As the horse develops an aversion to being twitched, their escalating evasive behaviours are invariably reinforced by repeatedly and unsuccessfully trying to apply the twitch, thereby creating a strong reinforcement history that raising their head, rearing, walking over the handler, or any number of dangerous behaviours makes the dreaded twitch go away.
McDonnell remarks that “if you abide by the simple rules of applying it respectfully … wait until it has observable sedating effects … and then taking it off before the effect wears off so that the patient is left with that high feeling associated with the twitch, horses almost never build an aversion to it.”
To rehabilitate a twitch-aversive horse and break this avoidance cycle, McDonnell notes that although applying the twitch successfully initially may take some skill, a few training sessions using the twitch correctly will turn most horses around to accepting it without holding a grudge. “The horse has been taught by us to hate the twitch and has been reinforced for escaping it; don’t attribute undesirable complex motives to him,” remarked McDonnell.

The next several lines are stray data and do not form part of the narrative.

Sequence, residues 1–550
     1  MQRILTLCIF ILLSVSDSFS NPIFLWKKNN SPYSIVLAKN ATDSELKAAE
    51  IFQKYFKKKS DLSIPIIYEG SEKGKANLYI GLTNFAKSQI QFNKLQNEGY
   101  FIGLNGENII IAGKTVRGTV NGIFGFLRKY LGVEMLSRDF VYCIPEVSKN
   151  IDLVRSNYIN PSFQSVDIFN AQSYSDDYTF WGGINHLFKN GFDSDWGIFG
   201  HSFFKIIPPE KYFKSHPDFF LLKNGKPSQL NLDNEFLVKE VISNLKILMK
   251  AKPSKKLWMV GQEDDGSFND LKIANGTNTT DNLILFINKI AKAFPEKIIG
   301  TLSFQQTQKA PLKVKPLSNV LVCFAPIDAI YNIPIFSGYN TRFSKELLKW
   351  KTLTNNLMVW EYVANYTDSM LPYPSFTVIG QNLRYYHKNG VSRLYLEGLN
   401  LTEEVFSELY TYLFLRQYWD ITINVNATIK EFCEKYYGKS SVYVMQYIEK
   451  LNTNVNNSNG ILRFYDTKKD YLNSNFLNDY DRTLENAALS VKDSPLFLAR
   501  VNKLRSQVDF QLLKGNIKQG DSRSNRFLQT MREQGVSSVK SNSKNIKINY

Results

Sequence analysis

Lip twitch vs. ear twitch
In a study comparing physiological measures of stress between ear and lip twitches on naïve horses, U.S researchers Benjamin Flakoll and associates found in 2017 that although both lip and ear twitches were effective in controlling horses for invasive procedures, they did so in very different ways. The lip twitch triggers parasympathetic nervous system activity (the message to the body that all is chill), whereas the ear twitch triggers the sympathetic nervous system (all systems alert, get the hell out of Dodge).